Yates: Doctors live and die by their production report and their collection report. We’ve made a big focus to also get them living by their profit and loss statement. Obviously, two different methods of accounting. What I’ve had to do is explain why the timing matters – how we can use today’s activity to project tomorrow’s collections? One of the things that I’ve recently started doing is actually walking them through a statement of cash flows. Because I know they’ll ask the question, “these are my collections, and my income statement’s not showing it.” So I will literally walk them through each component: “Inventory changed, that’s money sitting on your shelves. Work AR went way up. Yeah, you had all this production, but we haven’t been paid for it yet.” 

It seems to really strike home. It’s a logical enough method for them that they can just say, “Oh, well, that kind of explains it.” It’s really been trial and error with each doctor to get them to understand the differences between the two and why a huge collection month doesn’t necessarily mean a huge net income.

DEO Magazine: How did your team feel about the change? Do they like the new method, or do they still wish they were cash based?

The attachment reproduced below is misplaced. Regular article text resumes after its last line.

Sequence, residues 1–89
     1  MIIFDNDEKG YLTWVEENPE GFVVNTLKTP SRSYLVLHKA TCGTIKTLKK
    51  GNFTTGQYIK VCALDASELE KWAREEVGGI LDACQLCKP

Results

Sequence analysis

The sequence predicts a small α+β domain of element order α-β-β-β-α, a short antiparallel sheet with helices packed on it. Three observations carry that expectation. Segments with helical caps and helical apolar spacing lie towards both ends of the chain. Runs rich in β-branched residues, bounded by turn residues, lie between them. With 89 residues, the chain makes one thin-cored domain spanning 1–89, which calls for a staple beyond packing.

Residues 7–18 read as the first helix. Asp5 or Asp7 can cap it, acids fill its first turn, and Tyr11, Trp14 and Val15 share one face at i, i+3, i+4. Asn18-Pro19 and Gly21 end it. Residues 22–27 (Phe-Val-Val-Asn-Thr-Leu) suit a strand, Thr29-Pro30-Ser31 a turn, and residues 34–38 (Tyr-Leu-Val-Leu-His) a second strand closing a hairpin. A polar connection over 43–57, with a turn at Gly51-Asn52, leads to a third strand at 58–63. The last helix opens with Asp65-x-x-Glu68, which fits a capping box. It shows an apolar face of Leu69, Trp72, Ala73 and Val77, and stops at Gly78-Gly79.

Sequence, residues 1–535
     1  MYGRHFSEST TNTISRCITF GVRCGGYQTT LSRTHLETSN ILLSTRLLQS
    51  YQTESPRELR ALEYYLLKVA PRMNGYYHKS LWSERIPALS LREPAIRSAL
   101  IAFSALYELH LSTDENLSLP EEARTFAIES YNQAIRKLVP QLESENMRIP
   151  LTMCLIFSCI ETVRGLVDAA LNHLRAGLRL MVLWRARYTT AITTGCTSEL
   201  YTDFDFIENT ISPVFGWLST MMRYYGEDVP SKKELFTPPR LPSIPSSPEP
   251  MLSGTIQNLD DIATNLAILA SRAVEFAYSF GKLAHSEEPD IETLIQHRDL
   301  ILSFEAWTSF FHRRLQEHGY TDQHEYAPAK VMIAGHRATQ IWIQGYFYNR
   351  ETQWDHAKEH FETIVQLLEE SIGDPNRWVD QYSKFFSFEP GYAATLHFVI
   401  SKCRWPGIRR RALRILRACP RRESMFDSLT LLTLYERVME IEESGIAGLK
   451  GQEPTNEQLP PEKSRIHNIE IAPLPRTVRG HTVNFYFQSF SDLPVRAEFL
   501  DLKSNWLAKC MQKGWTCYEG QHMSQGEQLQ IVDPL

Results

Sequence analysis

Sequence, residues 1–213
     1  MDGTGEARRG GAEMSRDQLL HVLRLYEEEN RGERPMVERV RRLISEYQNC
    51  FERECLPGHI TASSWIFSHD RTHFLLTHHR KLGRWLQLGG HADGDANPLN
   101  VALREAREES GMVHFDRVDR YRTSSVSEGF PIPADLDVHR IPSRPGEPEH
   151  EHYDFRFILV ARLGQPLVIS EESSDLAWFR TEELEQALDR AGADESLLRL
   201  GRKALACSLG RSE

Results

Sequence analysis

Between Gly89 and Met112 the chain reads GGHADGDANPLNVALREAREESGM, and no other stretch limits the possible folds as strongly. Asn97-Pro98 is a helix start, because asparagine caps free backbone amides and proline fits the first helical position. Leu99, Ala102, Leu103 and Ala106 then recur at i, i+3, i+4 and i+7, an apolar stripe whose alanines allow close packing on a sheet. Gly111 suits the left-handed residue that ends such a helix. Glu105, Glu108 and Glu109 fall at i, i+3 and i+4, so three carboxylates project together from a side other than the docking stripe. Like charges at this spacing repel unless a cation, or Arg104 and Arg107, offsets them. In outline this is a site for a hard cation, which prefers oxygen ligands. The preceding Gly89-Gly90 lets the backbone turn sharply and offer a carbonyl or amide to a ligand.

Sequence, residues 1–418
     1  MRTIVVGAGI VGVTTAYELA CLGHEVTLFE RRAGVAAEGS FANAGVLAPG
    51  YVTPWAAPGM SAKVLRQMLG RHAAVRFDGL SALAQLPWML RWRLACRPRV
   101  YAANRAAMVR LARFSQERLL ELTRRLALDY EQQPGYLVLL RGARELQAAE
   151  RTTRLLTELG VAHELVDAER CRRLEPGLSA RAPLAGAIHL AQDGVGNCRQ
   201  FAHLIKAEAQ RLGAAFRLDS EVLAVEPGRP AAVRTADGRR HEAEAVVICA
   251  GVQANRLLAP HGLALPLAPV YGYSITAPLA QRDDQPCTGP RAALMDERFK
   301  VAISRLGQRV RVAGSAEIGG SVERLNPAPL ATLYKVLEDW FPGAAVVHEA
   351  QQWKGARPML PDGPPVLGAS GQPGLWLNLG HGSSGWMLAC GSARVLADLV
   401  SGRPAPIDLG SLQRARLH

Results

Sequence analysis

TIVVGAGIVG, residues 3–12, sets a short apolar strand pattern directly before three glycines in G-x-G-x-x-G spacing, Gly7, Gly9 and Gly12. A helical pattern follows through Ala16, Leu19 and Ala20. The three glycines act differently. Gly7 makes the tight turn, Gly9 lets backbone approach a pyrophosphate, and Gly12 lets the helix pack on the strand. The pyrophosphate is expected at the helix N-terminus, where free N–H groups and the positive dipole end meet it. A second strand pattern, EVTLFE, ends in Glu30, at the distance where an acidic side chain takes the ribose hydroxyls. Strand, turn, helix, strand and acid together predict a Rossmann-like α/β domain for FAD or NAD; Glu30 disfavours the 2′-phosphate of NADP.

Williams: We don’t still wish we were cash basis. I will say that we’ve successfully made the transition. I had the most difficult conversations with the CEO at Rodeo Dental about the adjustment of gross production to net revenue in that collection rate and what’s sitting in that collection rate. I think everyone here is very pleased and very happy. It’s the forecasting part that has made life easier for all of us. It’s just to being able to truly have a forecast of what is coming. We have targets for what we expect weekly cash collections to look like. We still have reports on collections, and we can articulate what we expect to collect every week.

Yates: I think the executive team has really bought into it. We’ve got multiple MBAs on our executive team, so they understood the three statements, which helps if you trickle that down a little bit to the field. It’s funny, one of the things that’s really been difficult, which seems kind of straightforward is, inventory. Just even getting that concept down of why you want to count it, why it’s important and why your units are important. I agree with Holly that forecasting is key. We’re even looking at projections at an individual biller level now. The measured performance and compliance with those targets just give you a level of visibility and planning you don’t have managing off your bank statement.